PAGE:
Millions of Britons are reducing their spending amid fears that economic recovery is still a distant prospect and confidence has fallen to a two-year low among company chiefs, surveys last night disclosed.
Fresh evidence of a national mood of pessimism emerged ahead of figures tomorrow expected to show the economy continues to stall.
David Cameron, Nick Clegg and Ed Miliband will today seek to turn the spotlight on to the economy ahead of next weekend's summit of G20 summit in Cannes.
A survey for the think-tank Resolution Foundation found that a third of adults had cut household spending and 19 per cent expected to make further savings next year.
The survey by Ipsos MORI also revealed rising anxiety about job security while Lloyds Bank said its research found 49 per cent of firms were gloomy about their prospects, a sharp rise from the 33 per cent who said they were gloomy last month.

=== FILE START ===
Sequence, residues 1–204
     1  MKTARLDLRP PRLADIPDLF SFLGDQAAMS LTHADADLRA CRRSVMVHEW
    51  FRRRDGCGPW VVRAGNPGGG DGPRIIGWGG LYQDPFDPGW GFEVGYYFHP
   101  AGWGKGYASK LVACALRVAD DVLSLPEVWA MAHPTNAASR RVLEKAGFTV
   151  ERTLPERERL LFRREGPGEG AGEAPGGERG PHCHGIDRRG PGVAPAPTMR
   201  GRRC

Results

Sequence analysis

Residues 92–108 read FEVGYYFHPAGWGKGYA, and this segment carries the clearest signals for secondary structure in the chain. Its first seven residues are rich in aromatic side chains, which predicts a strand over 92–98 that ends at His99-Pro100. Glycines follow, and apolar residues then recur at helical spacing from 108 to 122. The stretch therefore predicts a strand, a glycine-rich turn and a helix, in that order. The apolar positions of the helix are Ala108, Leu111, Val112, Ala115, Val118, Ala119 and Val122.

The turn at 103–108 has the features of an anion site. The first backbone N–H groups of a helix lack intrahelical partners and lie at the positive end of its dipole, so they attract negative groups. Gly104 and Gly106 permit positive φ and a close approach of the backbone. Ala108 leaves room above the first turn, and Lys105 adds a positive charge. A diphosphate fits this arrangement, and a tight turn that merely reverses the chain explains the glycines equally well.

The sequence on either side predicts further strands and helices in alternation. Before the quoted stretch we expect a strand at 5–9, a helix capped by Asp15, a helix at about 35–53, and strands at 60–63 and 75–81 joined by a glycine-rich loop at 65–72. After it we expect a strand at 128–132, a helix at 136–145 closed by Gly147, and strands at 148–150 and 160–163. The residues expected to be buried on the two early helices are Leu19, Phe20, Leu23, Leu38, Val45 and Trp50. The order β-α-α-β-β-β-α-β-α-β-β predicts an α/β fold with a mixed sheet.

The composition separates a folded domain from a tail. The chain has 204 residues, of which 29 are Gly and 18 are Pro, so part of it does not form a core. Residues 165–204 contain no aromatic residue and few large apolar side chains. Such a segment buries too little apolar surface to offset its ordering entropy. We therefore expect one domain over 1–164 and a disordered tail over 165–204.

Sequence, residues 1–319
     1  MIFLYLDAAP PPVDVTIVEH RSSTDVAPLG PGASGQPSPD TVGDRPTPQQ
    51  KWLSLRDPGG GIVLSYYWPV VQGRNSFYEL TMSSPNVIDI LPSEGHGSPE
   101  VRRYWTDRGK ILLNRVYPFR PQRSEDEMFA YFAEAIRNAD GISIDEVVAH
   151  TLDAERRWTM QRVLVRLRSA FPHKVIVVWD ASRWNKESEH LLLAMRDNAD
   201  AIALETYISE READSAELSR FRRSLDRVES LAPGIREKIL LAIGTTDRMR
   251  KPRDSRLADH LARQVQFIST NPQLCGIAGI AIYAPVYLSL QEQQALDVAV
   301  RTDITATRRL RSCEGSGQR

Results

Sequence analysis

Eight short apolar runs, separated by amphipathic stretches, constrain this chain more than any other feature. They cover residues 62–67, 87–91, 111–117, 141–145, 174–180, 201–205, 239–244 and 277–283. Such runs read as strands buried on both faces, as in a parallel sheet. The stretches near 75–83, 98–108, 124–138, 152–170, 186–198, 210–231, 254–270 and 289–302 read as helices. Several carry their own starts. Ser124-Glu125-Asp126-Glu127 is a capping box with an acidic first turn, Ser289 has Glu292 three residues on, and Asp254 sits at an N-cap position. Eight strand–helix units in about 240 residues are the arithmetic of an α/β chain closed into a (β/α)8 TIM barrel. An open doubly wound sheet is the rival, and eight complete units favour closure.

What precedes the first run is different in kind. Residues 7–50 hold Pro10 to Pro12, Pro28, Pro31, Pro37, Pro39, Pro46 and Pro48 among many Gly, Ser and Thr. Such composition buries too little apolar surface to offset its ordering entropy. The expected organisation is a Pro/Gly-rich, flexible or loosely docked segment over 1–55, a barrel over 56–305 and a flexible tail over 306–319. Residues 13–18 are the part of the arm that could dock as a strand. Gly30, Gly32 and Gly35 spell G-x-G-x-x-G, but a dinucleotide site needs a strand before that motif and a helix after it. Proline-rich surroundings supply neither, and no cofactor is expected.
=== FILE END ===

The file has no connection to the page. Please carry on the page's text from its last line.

Tomorrow's figures for economic growth in the third quarter are expected to show only a marginal increase in economic activity. The economy grew by 0.2 per cent in the second quarter of 2011 after flatlining for the previous six months.
Writing in the Financial Times today, Mr Cameron said: "There will be no short cuts to success. But this coalition has the determination to do the right thing for our country, so that we don't just weather the international storm – but come out stronger on the other side." He also announced that 1,000 jobs are to be created by the construction of two new power plants in the North of England.
Mr Miliband will warn today that cuts to investment allowances will lead to some firms receiving bills that are £30,000 higher, stifling their ability to expand.